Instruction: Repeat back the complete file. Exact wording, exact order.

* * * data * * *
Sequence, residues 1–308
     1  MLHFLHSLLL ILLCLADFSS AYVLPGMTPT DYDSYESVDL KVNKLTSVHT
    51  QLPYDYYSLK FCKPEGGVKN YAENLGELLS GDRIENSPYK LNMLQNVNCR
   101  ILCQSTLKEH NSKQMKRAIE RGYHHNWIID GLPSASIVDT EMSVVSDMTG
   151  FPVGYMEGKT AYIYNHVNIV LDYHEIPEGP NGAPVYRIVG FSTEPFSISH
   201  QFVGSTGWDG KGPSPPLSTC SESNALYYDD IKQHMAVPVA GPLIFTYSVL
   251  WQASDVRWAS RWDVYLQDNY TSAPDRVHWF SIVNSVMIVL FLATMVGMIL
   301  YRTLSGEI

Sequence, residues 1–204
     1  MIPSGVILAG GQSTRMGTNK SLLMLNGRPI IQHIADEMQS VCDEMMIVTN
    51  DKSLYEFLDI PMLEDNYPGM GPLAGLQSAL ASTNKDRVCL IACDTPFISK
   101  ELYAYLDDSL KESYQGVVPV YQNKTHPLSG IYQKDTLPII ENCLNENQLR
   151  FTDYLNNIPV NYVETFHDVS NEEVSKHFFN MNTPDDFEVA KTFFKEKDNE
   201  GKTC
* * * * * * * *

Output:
Sequence, residues 1–308
     1  MLHFLHSLLL ILLCLADFSS AYVLPGMTPT DYDSYESVDL KVNKLTSVHT
    51  QLPYDYYSLK FCKPEGGVKN YAENLGELLS GDRIENSPYK LNMLQNVNCR
   101  ILCQSTLKEH NSKQMKRAIE RGYHHNWIID GLPSASIVDT EMSVVSDMTG
   151  FPVGYMEGKT AYIYNHVNIV LDYHEIPEGP NGAPVYRIVG FSTEPFSISH
   201  QFVGSTGWDG KGPSPPLSTC SESNALYYDD IKQHMAVPVA GPLIFTYSVL
   251  WQASDVRWAS RWDVYLQDNY TSAPDRVHWF SIVNSVMIVL FLATMVGMIL
   301  YRTLSGEI

Sequence, residues 1–204
     1  MIPSGVILAG GQSTRMGTNK SLLMLNGRPI IQHIADEMQS VCDEMMIVTN
    51  DKSLYEFLDI PMLEDNYPGM GPLAGLQSAL ASTNKDRVCL IACDTPFISK
   101  ELYAYLDDSL KESYQGVVPV YQNKTHPLSG IYQKDTLPII ENCLNENQLR
   151  FTDYLNNIPV NYVETFHDVS NEEVSKHFFN MNTPDDFEVA KTFFKEKDNE
   201  GKTC